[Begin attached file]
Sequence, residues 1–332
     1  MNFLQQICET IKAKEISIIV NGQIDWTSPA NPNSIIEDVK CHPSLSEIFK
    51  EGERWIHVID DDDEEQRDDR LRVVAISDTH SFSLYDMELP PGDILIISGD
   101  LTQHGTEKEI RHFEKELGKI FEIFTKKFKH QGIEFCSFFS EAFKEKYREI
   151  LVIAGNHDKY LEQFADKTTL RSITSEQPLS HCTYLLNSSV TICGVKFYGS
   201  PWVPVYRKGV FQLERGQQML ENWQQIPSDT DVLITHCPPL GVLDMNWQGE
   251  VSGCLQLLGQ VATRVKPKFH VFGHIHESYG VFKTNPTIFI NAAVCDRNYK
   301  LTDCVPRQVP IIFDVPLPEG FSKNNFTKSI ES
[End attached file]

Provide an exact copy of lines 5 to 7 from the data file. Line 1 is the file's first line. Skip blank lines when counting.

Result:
   151  LVIAGNHDKY LEQFADKTTL RSITSEQPLS HCTYLLNSSV TICGVKFYGS
   201  PWVPVYRKGV FQLERGQQML ENWQQIPSDT DVLITHCPPL GVLDMNWQGE
   251  VSGCLQLLGQ VATRVKPKFH VFGHIHESYG VFKTNPTIFI NAAVCDRNYK